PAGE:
Simple Ways to Improve your Relationship

Our very own Angela Michnowicz, LMHC has completed Principles of Effective Couples Therapy trainings from the highly respected Dr. John Gottman and Dr. Julie Gottman. Specialty Trainings like these increase expertise in working with couples and improving communication within relationships. Ms. Michnowicz has graciously provided a series of blogs based on her trainings, to provide education to clients who may be interested in working on their relationship. Below is the third in the Relationship Series.

We can make marriage a little more simple by breaking it down into two groups. You get to decide whether you are Masters or Disasters. Masters are gentle, kind, affectionate, have a sense of humor, and are able to put things into perspective. Masters stay good friends throughout the course of their marriage & life span. They maintain the courtship by learning about each other throughout the course of the marriage. It is important to remember that we change throughout the seasons of life. First we fall in love, then we grow in love. Growing in love takes trust and commitment. It takes understanding that our partner will not always be able to “make us happy”, to roll with the disappointments, and to maintain nourishing the marriage. A Gottman trained couples therapist can teach you how to nourish your marriage by being a Master, rather than a Disaster. Refer back to my previous blog about the Four Horsemen to learn more about what a Disaster does in a marriage. 


A little more about Masters:

Masters use a gentle start up in conversations. This may look like “Honey, I am having a really hard time with something, can we find a good time to discuss?”. 

Masters accept influence. This is a tough one as it requires a good deal of vulnerability, which takes trust. Remember, trust is a load bearing wall that is a part of the Sound Relationship House. Marriage can look like tug a war! So let down the rope in order to reduce power struggles. See my previous blog “Building a Strong Foundation in Your Marriage” to learn all about the Sound Relationship House. Masters find compromise in order to meet in the middle. This could take some creativity, but through collaborating with your partner you can grow closer and have both needs met with compromise.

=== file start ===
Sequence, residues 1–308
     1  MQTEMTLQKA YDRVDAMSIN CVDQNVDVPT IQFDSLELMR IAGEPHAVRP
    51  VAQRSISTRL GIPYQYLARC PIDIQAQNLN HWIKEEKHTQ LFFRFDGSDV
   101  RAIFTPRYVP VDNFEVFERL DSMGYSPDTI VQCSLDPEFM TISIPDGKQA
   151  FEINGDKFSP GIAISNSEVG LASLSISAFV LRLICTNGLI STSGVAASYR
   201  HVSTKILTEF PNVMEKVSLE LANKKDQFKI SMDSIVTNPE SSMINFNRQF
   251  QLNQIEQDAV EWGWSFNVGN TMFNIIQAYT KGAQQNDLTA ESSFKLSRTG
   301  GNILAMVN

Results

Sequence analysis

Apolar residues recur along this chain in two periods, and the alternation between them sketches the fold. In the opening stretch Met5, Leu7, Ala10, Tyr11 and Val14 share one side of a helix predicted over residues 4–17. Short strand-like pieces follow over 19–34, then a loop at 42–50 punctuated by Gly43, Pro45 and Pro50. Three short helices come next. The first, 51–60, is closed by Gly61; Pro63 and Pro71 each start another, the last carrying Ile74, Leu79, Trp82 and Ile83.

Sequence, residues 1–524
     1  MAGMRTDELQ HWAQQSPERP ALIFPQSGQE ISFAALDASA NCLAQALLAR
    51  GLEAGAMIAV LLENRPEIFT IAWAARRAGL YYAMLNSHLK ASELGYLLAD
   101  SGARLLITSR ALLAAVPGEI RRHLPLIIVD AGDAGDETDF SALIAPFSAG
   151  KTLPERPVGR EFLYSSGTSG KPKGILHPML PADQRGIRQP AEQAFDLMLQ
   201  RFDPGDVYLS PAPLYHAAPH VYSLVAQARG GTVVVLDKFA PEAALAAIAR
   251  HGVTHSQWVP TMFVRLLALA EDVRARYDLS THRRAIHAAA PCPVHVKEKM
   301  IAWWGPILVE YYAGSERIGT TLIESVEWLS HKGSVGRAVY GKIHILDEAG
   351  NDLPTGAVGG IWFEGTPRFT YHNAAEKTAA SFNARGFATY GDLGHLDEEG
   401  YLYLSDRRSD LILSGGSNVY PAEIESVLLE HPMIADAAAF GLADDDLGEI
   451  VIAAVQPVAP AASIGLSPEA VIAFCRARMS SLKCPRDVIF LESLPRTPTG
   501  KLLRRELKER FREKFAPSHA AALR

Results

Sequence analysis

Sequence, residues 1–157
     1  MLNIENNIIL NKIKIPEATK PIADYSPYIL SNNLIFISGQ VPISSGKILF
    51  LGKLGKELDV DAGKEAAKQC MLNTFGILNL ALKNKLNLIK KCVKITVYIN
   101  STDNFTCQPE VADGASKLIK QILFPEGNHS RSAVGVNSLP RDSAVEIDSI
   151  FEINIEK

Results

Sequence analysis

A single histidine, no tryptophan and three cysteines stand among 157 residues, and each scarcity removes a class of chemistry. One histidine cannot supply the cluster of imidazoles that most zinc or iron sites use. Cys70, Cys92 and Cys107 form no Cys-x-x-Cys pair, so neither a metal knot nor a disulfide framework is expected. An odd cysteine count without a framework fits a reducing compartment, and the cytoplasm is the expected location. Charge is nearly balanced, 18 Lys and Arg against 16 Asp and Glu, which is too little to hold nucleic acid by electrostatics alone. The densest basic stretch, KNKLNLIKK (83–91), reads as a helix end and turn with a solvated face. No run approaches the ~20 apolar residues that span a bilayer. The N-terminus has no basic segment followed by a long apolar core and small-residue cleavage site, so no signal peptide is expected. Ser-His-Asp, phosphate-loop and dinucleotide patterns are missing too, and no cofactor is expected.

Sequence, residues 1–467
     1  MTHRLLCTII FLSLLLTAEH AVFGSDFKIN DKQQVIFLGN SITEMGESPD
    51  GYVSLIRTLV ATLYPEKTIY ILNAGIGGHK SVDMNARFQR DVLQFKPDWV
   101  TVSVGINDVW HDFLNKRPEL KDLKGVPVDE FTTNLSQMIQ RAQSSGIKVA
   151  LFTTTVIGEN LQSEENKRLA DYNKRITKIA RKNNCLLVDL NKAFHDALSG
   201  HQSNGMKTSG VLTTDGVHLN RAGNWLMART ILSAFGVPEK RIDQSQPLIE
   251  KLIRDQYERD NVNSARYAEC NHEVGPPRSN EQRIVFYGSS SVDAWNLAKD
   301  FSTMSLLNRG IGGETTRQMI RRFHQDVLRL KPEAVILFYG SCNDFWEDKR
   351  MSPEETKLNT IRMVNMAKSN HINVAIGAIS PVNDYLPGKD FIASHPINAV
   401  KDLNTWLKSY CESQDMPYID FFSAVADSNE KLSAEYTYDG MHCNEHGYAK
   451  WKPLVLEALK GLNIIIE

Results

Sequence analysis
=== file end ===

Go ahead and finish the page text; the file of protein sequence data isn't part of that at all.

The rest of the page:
Masters have a high number of bids for attention and make sure they lean in to their partners bids. Learn more about bids here from the Gottman institute.


Masters are aware of their mind and body! When we are emotionally flooded, we are physically unavailable to use the prefrontal cortex of our brain. The prefrontal cortex is responsible for reasoning, judgment, regulation of thoughts and emotions. It is important to be mindful of what your body feels like when you are flooded and to take a break to calm down. This does not mean to stonewall; stone walling could lead to feelings of emotional neglect. A great way to handle this could look like “man, I am super flooded right now, this is important to me, I really need a break”. It is recommended to allow at least twenty minutes to cool down, always remind your spouse that you will return to the conversation.

We want to make sure that we are aiming towards a 5:1 ratio, 5 times more positive interactions than negative interactions. We want our partner to know that we are truly there to listen and support if they are in emotional pain. The hard part is if we are the culprit, the one that caused the pain. Maintaining a humble spirit will help with this, remember the greatest gift you can give is love.

If you think your relationship could benefit from learning more skills like the Masters, then please reach out to get connected with a couples therapist.

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